Interpreting an arterial blood gas (ABG) is a crucial skill for physicians, nurses, respiratory therapists, and other health care personnel. ABG interpretation is especially important in critically ill patients. The following six-step process helps ensure a complete interpretation of every ABG. In addition, you will find tables that list commonly encountered acid-base disorders. Many methods exist to guide the interpretation of the ABG. This discussion does not include some methods, such as analysis of base excess or Stewarts strong ion difference. A summary of these techniques can be found in some of the suggested articles. It is unclear whether these alternate methods offer clinically important advantages over the presented approach, which is based on the anion gap.
As we care for more acutely ill patients with respiratory, cardiac, renal and metabolic disorders, so more of them will have arterial blood gas samples taken. Understanding these results is an essential part of patient care, making patient assessment more informed and patient management more specific. Essentially, arterial blood gases are taken to evaluate the patients: - Oxygenation - Ventilation - Acid base balance. Arterial blood gas analysis requires a clear understanding of the terms used.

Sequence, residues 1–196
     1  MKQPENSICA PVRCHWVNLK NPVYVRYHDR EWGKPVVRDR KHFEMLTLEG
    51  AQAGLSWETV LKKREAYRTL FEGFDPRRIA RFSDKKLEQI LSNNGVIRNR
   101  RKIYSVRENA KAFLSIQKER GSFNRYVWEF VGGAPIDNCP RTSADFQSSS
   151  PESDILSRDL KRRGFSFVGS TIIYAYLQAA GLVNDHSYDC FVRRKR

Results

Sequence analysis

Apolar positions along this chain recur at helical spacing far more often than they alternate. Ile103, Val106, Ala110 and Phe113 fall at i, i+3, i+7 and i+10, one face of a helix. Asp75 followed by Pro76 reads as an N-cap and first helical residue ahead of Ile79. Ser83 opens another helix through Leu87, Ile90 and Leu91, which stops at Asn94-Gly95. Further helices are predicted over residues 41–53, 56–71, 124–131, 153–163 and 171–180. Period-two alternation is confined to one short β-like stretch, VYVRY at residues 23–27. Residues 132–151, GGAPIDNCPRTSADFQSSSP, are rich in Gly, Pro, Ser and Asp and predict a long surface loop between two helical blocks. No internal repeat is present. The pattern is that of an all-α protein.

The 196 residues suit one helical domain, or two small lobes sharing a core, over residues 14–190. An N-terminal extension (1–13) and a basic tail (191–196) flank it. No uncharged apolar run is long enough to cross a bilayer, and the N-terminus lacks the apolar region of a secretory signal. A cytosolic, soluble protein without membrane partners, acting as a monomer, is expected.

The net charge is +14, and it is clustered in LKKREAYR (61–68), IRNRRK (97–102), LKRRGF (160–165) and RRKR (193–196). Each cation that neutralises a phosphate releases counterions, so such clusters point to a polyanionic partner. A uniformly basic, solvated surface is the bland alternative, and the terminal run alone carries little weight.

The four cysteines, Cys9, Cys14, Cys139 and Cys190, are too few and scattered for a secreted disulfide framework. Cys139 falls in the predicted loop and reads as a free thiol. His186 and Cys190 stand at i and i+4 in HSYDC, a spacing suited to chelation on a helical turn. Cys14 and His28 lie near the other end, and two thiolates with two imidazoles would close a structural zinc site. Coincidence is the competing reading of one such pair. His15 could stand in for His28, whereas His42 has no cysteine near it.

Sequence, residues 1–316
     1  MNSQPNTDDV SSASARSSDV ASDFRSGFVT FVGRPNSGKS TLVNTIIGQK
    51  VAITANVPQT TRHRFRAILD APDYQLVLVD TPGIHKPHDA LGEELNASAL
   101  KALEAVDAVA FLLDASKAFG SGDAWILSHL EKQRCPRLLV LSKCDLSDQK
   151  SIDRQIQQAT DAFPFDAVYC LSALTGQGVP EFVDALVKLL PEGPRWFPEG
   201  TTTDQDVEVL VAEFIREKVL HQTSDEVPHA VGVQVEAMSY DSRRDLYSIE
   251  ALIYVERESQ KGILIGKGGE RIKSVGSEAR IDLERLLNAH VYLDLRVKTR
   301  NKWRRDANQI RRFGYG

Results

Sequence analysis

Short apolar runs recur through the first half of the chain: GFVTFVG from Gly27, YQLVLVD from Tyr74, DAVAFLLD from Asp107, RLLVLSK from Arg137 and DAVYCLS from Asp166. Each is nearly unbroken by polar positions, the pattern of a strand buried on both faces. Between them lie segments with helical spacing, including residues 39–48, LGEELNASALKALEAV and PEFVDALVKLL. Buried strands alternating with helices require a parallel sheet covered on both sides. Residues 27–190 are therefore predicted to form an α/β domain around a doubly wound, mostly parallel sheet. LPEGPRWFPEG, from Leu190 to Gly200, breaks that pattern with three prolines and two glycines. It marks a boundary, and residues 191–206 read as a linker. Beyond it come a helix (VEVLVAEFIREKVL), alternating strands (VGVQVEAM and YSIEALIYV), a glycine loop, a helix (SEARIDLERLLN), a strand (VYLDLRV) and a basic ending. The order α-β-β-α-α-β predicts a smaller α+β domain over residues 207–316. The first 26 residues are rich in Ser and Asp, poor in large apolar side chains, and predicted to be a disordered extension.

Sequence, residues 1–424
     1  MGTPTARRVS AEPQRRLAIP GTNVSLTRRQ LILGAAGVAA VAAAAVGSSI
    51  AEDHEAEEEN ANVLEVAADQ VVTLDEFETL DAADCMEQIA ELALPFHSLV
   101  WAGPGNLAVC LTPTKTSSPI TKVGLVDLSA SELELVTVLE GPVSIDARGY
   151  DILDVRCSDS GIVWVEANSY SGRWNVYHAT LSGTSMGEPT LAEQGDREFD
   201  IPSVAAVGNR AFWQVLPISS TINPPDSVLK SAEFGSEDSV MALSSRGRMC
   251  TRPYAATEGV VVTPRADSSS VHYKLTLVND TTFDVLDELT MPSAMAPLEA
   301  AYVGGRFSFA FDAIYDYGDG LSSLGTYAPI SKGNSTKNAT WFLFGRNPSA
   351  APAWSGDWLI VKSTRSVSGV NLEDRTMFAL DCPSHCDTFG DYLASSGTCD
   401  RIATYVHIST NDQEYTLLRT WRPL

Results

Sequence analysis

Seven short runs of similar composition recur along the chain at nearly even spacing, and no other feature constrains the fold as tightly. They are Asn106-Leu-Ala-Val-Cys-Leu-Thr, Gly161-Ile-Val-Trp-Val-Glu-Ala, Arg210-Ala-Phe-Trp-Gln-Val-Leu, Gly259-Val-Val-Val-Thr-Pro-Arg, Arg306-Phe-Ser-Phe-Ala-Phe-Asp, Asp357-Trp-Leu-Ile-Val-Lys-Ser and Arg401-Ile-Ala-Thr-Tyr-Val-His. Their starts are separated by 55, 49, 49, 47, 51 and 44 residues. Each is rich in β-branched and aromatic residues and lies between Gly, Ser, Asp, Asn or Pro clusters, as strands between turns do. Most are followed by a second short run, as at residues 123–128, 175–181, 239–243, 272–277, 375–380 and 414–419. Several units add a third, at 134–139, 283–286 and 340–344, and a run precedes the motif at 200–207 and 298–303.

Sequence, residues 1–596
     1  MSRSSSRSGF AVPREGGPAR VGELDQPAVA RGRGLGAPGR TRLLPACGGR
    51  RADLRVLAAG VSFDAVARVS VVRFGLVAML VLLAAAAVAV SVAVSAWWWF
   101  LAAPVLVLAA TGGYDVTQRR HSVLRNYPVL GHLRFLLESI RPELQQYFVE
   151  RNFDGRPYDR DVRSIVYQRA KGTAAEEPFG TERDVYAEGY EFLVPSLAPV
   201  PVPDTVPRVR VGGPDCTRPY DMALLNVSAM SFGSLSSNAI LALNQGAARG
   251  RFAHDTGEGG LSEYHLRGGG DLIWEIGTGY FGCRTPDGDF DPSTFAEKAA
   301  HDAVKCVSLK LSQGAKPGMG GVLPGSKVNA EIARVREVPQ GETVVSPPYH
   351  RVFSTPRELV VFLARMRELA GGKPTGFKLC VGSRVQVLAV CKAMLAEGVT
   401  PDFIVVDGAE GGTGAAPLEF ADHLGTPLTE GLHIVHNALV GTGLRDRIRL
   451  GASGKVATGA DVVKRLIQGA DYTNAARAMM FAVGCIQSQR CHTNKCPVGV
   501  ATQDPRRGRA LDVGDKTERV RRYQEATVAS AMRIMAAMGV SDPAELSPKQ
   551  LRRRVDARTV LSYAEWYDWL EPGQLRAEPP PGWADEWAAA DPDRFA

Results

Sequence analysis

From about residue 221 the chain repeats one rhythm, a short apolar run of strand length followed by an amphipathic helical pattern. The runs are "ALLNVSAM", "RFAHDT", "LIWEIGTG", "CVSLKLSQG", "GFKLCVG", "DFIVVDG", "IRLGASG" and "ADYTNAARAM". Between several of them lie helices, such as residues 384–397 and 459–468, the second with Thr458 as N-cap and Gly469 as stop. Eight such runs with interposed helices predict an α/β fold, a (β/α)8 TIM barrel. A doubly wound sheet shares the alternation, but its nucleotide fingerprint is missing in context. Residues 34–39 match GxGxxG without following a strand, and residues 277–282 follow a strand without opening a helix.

The oxygen partial pressure (PaO2), the measurement of oxygen dissolved in the blood, is an important indicator of potential tissue oxygenation. The normal value is between eight and 12 kilopascals (kPa). Hypoxaemia, or a low PaO2, deprives cells of oxygen and leads to irreversible cell damage. It can result from hypoventilation, airway obstruction and atelectasis. Older patients and those with chronic respiratory disease tend to have lower oxygen levels. It is therefore important to establish the acceptable PaO2 for each patient to administer appropriate oxygen therapy. The oxygen saturation, SaO2, is the percentage of saturated haemoglobin carrying oxygen compared with the total amount of oxygen it could carry. An SaO2 of more than 95% is normal for a healthy adult and can be determined by ABG analysis or by pulse oximetry.